Writing a Grant Proposal

Copyright 2007, Michael K. Gilson
 

Winning a grant requires writing a well-reasoned and respectful argument for funding one's project. A grant is a gift, usually from the taxpayers, and we are expected to explain why a project makes sense and has the potential to yield useful results. Success also requires a bit of luck, given the inevitable vagaries of budgets and the review process.

That said, here are some pitfalls to avoid, and some specific suggestions for improving your chance of success.


  1. Choose an important problem. However, one needn't promise to solve the whole thing. It is often sufficient to aim for significant progress on a part of the larger challenge.
  2. If you have questions, ask the granting agency. Granting agencies want to receive high quality proposals that will advance their goals. It is almost always appropriate to contact their staff for information regarding what types of projects they wish to fund and on how you may be able to frame a project that they would seriously consider. Agency staff can also help you understand how the review of your proposal might be handled and may give you the opportunity to make suggestions, such as the most appropriate review panel for your proposal. They can also help you understand many other aspects of the application and review process, such as what level of detail to include in a budget justification and whether there are any common gotchas to avoid. On the other hand, don't contact them so often that you become an annoyance. And never try, or even appear to try, to inappropriately influence the review process.
  3. Include a crisp list of goals. Write your chief goals (e.g., NIH specific aims) as a short list so that reviewers can quickly grasp the basic thrust of the proposal. (Admittedly, there is usually a level of arbitrariness in how the proposed work is broken into a discrete list of items.) Three to six items are probably typical for an NIH R01.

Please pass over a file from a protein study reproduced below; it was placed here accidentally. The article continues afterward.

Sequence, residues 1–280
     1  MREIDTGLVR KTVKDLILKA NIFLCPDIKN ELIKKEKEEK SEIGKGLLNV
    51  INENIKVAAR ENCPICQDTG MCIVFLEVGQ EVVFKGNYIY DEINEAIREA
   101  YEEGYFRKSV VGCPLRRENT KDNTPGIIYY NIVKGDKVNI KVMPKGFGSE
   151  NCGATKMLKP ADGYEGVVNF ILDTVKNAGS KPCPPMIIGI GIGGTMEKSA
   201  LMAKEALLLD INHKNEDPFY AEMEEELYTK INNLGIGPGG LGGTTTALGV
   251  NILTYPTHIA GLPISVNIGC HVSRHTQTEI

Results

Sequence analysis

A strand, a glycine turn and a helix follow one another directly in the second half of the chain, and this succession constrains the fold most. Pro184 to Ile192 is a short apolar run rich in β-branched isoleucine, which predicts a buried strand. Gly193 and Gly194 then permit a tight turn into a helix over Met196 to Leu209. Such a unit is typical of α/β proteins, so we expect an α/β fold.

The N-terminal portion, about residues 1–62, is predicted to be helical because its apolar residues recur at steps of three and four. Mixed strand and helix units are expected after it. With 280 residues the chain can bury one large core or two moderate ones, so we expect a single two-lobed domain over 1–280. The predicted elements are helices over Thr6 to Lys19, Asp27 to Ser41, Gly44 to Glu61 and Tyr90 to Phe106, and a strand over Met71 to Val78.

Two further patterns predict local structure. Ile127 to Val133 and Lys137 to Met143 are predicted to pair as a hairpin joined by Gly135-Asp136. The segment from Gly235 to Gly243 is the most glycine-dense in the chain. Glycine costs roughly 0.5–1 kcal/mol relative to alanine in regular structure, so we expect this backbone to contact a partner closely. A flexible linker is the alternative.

4. Include some goals that are like to be achievable and place them at the top of the list. These may not be very exciting, but they guarantee that at least part of your project will be work.
  5. Include some goals that are more thought-provoking and innovative, although they may be less likely to succeed, and put them at the end of the list. These may or may not work out, but they will make your proposal more exciting and create the potential for a big payoff.
  6. Display knowledge of the field. Make clear in the Background section or its equivalent that you have a good grasp of the field and the state of the art, and make sure that what you propose neither repeats nor contradicts previous work, unless you provide a good reason for doing so.
  7. Do not gloss over or ignore potential weaknesses of your proposed approach. The reviewers will probably find them anyhow and may judge you as incompetent or even dishonest for not acknowledgeing and addressing them. It is much better to explicitly address potential concerns. Possible approaches include arguing that your work will advance the state of the art despite the obstacles, that you have a solution at least worth trying, or that the apparently problem does not actually matter for some other reason.
  8. Don't propose anything that violates or claims to disprove tenets of the field without providing a strong rationale for doing so.
  9. Make sure your budget is connected to reality. Even if the instructions do not call for a detailed justification (e.g., an NIH modular budget), the reviewers have a sense for the costs of personnel and supplies and they will probably estimate your budget needs on their own and compare with your request. Don't ask for more than you need, but don't underbid either: you can't do the work without adequate funding.

    If your proposal is funded, but at a significantly lower level than you reasonably requested, you may have trouble completing the proposed work. In such cases, the granting agency may allow you to delete one or more Aims or goals from the actual work. This has the advantage of providing adequate funding for the reduced scope of work. It also frees you to include the deleted Aims in a separate proposal.

  10. Create a high-quality document. Write well. Proofread and have a friend proofread and critique the text, unless you are confident in your writing skills. Make sure figures are legible even in black-and-white and after photocopying, since some reviewers probably will be working from copies or from printouts on their own black-and-white printers. A poorly written or sloppy proposal creates a negative impression that can be hard to overcome. Reasonably or not, it raises the question whether the research also will be done sloppily. (The paper-writing advice here is also relevant.)